The 6 Most Common Money Leaks Seeping Through Your Savings Account

Posted in Savings Account • April 25, 2013

unnecessary expenses

Living on a budget can help you better live within your means, avoid unnecessary expenses and achieve financial freedom. Still, most of us have small money leaks lingering in our finances. We may be spending a little extra for that morning cup of coffee on the way to work or splurging for a nice lunch out with friends. We may easily justify those expenses as rare treats, and remaining aware of those little extras can prevent them from becoming even bigger leaks against our savings accounts.

Other money leaks are less obvious, however, which makes them far more insidious. These leaks can add up to several hundred or even thousands of dollars a year and really cost us over time. Plugging them can leave us with more money to pay down debt, save in a rainy day fund or spend as we see fit. The following are some of the most common money leaks for Americans today.

#1. Failing to Take Full Advantage of Your 401(k)

Many companies offer 401(k)s and similar retirement plans. In fact, 401(k)s are the primary means of savings for most Americans. Unfortunately, the majority of workers fail to maximize the full benefits of these convenient savings plans.

Any investment into your 401(k) is tax free, and you can contribute up to $17,500 annually. Many employers match contributions — meaning your account can grow almost effortlessly. Low-income individuals and families can also take advantage of the saver’s credit, a refundable tax credit that allows for even more savings. Married filers who earn up to $59,000 and single filers who earn up to $28,750 may be eligible for this credit, which refunds a portion of the money they invest for retirement. You should also make every effort to avoid tapping into your retirement savings, however, as TIME estimates that nearly one in four Americans do so to pay for current expenses, which may include unnecessary expenses, too. This can be avoided by practicing smarter money management.

#2. Not Taking All Applicable Tax Deductions

The saver’s credit may not be the only tax credit that can save you money and give you a little more bang for your buck at tax time. Teachers are able to deduct up to $250 for classroom material-related expenses, while self-employed people may be able to deduct the entire amount of their health insurance premiums for themselves and their dependents.

Health savings accounts, self-employment taxes, alimony and education-related expenses may also be able to be deducted. You do not need to itemize your deductions to be able to take advantage of these potentially lucrative deductions, either; you simply need to qualify. Talk to your tax professional, or use tax preparation software that walks you through each step. In some cases, you may be eligible for tax credits for improving your home’s energy efficiency as well.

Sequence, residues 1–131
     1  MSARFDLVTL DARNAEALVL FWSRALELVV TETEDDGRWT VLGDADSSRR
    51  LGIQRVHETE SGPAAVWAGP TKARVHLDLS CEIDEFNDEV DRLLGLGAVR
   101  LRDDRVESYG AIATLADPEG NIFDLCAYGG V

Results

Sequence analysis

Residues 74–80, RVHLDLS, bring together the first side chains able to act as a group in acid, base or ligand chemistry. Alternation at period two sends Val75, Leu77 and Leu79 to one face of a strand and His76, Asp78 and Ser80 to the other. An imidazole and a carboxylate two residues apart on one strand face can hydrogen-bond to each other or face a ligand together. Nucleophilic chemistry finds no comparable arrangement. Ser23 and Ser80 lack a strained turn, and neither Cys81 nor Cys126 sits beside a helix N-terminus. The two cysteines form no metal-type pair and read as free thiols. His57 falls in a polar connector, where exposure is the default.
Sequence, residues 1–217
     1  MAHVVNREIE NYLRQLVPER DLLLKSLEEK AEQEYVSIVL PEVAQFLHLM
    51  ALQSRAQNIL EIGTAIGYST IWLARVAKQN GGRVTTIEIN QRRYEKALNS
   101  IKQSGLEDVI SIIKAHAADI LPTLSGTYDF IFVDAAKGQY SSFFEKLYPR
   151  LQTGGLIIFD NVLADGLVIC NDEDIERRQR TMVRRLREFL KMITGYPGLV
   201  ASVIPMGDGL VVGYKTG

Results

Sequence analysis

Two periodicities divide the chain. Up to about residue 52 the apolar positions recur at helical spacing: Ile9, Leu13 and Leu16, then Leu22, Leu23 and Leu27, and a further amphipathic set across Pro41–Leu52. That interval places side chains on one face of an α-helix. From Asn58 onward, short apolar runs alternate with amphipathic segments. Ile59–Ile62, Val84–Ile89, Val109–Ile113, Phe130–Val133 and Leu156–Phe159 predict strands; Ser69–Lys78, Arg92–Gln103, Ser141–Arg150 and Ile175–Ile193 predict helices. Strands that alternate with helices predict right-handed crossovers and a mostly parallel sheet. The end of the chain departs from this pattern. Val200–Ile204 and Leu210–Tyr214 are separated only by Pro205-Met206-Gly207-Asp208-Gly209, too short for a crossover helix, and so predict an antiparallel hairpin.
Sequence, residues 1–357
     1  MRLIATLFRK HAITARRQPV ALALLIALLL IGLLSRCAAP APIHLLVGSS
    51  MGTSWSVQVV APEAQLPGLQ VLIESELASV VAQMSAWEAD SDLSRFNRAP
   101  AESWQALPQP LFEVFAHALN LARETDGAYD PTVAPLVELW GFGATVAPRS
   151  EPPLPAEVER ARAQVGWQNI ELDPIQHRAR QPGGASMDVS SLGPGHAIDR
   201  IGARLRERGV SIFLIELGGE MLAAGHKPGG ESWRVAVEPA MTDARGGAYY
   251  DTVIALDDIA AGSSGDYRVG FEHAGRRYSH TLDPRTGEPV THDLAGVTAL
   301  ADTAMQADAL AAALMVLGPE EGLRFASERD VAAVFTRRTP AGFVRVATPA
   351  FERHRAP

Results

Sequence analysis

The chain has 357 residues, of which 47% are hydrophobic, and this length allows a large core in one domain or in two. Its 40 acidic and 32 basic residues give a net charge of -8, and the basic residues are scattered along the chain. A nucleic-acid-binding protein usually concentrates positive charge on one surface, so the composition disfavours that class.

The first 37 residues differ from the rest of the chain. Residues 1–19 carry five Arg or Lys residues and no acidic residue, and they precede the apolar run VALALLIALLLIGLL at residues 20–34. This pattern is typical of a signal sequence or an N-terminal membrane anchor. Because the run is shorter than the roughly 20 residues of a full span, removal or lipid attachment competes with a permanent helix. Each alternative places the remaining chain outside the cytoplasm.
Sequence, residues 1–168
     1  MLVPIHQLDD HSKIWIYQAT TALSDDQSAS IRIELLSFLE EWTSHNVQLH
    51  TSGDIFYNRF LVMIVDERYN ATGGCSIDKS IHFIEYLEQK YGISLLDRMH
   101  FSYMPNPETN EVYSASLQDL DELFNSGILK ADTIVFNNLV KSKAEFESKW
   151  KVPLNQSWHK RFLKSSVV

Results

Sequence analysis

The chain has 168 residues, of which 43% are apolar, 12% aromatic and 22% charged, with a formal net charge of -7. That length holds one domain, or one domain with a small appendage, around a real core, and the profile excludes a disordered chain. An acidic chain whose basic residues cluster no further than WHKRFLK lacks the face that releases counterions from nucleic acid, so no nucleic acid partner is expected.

#3. Energy Inefficiency

If you have not yet improved your home’s energy efficiency, this could be a huge money leak. Use the potential tax savings as the impetus to get started, and then consider your options for savings: plugging energy leaks can help you stop wasting money by dramatically reducing your heating and cooling costs.

Boost the insulation in your roof, caulk around your windows, seal leaks around your doors and frames and invest in new Energy Star appliances to reduce your home’s energy use. A new air conditioning Houston system, or ‘green’ insulation, roof, water heater, windows, and doors may be eligible for a tax credit of up to 10 percent of the cost up to $500. Heat pumps, solar energy systems and wind turbines may be eligible for a 30 percent tax credit that expires in 2016.

#4. Failing to Update Insurance

If you have a vehicle that is more than 10 years old, you have multiple lines with the same company, a home security system, you are a safe driver, you are married, in a domestic partnership or are otherwise qualified, you may be eligible for a discount. Spend a few minutes every year going over your insurance policies and updating all your information to ensure that you are not wasting money and are getting the best possible deals. If you have any status changes, contact your insurance agent as soon as possible.

#5. Rethink Entertainment

Cable or satellite bills can easily be classified as unnecessary expenses, as high as $100 a month. Books can also be pricey, even if you use e-readers to keep the clutter down. Slash your costs by watching your favorite shows online. Become a member of your local library or use online lending programs that send books directly to your e-reader to minimize your costs.

Also, instead of heading out to a pricey restaurant with your friends, consider taking turns hosting house parties, barbecues or themed nights in. Getting creative can help avoid wasting money, while still enjoying the company of your friends.

#6. Competitive Savings Account

Instead of splurging on more coffee, lunches out with your friends or dinner and a movie, the money you save by plugging your money leaks can be placed into a high-yield savings account, used to pay off high-interest credit cards or put towards your mortgage to help you get out of debt even faster. Using your money wisely, which means getting rid of unnecessary expenses, can help you achieve financial security and freedom so you can live your life on your own terms.

As a financial blogger who is passionate about encouraging smart spending and saving habits, Chad Fisher remains acutely aware of potential money leaks.

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